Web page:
Monday, March 2, 2009

Jeff Schultz on the Spirit: Catching Up to the Chronicle

Plans have circulated for weeks on Internet message boards to turn Friday’s home game against Montreal into a protest night. Several fans have vowed to wear paper bags, maybe with “Atlanta Spirit Stinks” on it. (Something about the acronym, apparently.) Others are considering bringing signs. Maybe they’ll even burn Damian Rhodes in effigy. Again.

Pretty good line about Damian Rhodes. Anyway, the Chronicle supports this protest. Have at it, we say. I'll be wearing Garibaldi red and leading an infantry charge through the CNN Center, until I slip on spilled beer and screw up my right knee again.

What I found interesting, though, was this:

General manager Don Waddell justifiably has taken the most heat. But the Spirit is a rising target. Owners entered this season seemingly more concerned about paying their legal bills than improving a team that has one of the lowest payrolls in the NHL.

Worst of all: They seem indifferent to the losing. It’s the worst message ownership can send fans.

Schultz is exactly right about this, of course, for it's obvious to everyone and awfully hard to deny.

But...and we of the Chronicle don't mean to pat ourselves on the back in public view...the Chronicle was there this time last year, when most people were more focused on the comic ineptness of our GM than on the appalling indifference of our owners. But more and more it seems that the fans have directed their attention where most of it needs to be: towards the owners and not just the bumbling, hapless Waddell they keep employed. It seems like a simple enough way of looking at things: if you want radical change in an organization, you must go to the root of the problem. The root is the Atlanta Spirit, I think. And now even Jeff Schultz agrees! Clearly he reads us.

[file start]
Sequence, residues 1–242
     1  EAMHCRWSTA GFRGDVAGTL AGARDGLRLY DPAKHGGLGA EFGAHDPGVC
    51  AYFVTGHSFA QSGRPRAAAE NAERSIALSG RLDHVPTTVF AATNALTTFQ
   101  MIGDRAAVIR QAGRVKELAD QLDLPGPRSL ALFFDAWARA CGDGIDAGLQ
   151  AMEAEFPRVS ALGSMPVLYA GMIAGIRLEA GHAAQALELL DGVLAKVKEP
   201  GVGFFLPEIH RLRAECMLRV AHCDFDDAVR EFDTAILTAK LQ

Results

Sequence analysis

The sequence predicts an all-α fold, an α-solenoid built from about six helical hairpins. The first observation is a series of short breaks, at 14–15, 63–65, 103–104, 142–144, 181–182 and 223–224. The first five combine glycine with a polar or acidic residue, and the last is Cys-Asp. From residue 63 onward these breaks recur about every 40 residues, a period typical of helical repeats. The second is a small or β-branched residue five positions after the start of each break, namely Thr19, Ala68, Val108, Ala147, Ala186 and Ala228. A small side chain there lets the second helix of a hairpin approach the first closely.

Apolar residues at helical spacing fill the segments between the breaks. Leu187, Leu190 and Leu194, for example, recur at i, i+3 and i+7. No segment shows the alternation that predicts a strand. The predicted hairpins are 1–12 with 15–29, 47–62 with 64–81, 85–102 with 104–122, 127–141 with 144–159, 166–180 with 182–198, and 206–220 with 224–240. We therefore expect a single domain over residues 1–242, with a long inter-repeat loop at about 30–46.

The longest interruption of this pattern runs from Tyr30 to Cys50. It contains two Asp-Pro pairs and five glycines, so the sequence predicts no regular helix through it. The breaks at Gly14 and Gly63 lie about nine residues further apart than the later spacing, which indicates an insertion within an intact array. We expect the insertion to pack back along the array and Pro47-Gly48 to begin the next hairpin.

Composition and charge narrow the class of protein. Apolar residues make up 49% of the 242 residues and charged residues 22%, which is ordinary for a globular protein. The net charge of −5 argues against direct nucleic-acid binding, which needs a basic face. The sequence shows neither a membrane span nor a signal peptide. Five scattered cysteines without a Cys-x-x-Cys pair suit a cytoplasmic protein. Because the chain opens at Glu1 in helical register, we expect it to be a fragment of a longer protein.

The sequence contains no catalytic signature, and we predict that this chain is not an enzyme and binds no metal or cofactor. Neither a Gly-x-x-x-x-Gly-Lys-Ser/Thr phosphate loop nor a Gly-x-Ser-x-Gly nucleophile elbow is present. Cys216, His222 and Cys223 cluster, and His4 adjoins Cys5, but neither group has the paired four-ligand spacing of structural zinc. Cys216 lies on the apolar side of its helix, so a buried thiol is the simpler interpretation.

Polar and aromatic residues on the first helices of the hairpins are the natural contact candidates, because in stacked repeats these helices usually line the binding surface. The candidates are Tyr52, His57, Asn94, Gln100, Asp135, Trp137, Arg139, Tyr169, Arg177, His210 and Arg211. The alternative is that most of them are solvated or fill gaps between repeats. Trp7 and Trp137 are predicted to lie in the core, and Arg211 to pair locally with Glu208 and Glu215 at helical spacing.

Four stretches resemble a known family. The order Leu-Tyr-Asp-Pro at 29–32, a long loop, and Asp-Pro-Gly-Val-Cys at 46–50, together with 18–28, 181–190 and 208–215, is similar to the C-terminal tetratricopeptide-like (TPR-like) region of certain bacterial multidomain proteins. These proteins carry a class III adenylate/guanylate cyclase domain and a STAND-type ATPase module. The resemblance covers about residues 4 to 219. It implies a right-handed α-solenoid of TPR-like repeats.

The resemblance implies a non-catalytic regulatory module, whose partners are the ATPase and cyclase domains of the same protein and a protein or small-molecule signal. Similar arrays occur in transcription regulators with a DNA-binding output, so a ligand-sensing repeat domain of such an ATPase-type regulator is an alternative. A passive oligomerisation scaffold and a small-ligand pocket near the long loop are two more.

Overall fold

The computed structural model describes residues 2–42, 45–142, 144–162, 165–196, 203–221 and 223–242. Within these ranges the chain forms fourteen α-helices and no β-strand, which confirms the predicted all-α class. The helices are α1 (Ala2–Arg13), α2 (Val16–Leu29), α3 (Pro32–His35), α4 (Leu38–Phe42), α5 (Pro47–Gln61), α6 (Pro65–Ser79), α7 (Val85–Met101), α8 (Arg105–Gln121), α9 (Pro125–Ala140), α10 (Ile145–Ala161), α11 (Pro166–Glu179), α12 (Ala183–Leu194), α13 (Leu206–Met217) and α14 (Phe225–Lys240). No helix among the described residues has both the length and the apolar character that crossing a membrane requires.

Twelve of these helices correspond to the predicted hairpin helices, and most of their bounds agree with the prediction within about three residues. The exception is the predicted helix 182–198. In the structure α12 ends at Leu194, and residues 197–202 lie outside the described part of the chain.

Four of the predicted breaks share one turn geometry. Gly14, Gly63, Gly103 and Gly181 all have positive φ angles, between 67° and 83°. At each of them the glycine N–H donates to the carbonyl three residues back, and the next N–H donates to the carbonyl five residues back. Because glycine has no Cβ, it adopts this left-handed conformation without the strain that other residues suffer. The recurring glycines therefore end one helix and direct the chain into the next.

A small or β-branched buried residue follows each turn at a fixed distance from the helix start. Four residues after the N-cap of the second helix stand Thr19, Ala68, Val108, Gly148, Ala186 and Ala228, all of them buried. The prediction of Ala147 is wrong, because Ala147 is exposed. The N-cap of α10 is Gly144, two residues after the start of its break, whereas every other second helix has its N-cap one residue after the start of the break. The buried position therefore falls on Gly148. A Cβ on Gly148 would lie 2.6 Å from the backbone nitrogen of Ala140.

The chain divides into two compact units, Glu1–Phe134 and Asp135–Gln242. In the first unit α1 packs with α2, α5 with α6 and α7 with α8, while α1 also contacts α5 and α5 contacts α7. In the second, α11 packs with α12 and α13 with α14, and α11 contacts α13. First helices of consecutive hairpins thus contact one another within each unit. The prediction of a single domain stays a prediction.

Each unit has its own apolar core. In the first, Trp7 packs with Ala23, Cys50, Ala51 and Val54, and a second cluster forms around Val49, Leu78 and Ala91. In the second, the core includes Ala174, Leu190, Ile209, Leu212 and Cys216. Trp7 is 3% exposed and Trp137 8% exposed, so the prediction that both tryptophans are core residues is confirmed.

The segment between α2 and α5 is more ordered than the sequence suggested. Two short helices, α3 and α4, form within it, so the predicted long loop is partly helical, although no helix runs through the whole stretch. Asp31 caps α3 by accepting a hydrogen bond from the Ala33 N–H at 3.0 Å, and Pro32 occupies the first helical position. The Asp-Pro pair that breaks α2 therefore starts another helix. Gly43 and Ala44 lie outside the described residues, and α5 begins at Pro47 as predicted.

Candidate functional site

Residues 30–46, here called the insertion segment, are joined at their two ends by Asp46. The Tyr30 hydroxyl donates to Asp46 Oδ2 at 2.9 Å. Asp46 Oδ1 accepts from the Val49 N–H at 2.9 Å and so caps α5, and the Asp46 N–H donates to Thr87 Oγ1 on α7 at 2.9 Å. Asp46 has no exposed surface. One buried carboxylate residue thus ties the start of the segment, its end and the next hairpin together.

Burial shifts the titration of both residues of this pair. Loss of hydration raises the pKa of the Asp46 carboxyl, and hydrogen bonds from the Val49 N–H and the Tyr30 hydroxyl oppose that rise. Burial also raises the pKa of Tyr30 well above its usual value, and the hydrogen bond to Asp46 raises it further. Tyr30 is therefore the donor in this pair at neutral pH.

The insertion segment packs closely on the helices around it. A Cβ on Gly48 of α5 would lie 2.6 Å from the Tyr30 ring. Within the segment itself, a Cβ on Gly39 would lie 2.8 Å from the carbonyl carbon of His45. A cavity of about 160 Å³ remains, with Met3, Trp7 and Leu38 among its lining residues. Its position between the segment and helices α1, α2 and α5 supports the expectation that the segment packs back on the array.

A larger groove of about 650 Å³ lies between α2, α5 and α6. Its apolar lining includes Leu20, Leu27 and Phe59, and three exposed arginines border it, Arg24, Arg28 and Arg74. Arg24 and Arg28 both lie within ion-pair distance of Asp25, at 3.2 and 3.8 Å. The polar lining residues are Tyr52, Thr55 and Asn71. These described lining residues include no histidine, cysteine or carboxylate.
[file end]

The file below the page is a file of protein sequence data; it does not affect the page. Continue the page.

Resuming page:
The Chronicle's editorial stance has always been ambivalent on DW--acknowleding the occasional good moves he's made along with the horrible ones, also acknowledging that a lot of his Epic Fail has to do with the fact that he's got given much to work with by his employers--and hostile to the Atlanta Spirit. We're glad the rest of the world is finally catching up.

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